Culver City City Manager John Nachbar will be “very mindful” of the city’s workforce as he recommends spending cuts following the dissolution of statewide redevelopment agencies, an act that will have “major negative impacts on our city and cities throughout the state,” he said in a bi-weekly statement.
Redevelopment agencies were dissolved by an act of the California Legislature and Gov. Jerry Brown, and will take effect Feb.1.
Nachbar said that he and the Culver City City Council are aware that the city’s employees are a “valuable resource” and that services can’t be delivered without a talented workforce. In light of that, he promised that as he made recommendations to maintain the city’s financial well-being, he would remain “very mindful of that fact.”
The city’s redevelopment agency has been “the catalyst for lasting and significant community improvements, such as our downtown’s revitalization, Westfield Culver City and West Washington Boulevard improvements, to name just a few,” Nachbar said. It also is the sole source of funding for the city’s cultural affairs programs, which includes among other events, the summer music festival, Art Walk, Car Show and IndieCade.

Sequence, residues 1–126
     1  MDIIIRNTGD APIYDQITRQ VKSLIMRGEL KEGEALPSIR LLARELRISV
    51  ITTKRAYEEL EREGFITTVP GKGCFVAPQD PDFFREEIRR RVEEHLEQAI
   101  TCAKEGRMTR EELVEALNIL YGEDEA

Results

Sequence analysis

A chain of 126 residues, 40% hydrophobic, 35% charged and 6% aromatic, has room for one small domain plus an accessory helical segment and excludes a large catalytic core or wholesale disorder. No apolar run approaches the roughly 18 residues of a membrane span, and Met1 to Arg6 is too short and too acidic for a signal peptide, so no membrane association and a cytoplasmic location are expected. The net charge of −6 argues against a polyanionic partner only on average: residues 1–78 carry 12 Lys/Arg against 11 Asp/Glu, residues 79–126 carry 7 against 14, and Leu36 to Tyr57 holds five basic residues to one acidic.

“Redevelopment presently reimburses the city for approximately $7.5 million of the city’s operations and programs…the loss of the agency equates to that sum being eliminated from the city’s revenues,” Nachbar said. As a result, he is “accelerating his efforts to reduce the city’s expenditures to realign them with the significantly reduced revenues.”
The city manager pointed that there may be some “much smaller amount of revenue” that would still flow to the city over the next several years, in addition to some increased property tax revenue that used to go to the agency. “Regardless, the city’s budget will experience a major financial shock (in the millions of dollars annually) beginning Feb. 1,” he said.
The state’s action, he said, also places in jeopardy such projects as the development of Parcel B, plans for a transit-oriented development project at the Culver City EXPO station at Washington and National boulevards and for a market hall at Washington Boulevard and Centinela Avenue. He said that the city is working diligently to secure those and other projects.
There are legal battles ahead and many uncertainties, but one thing is clear, Nachbar said: “Redevelopment will not continue in its current form.”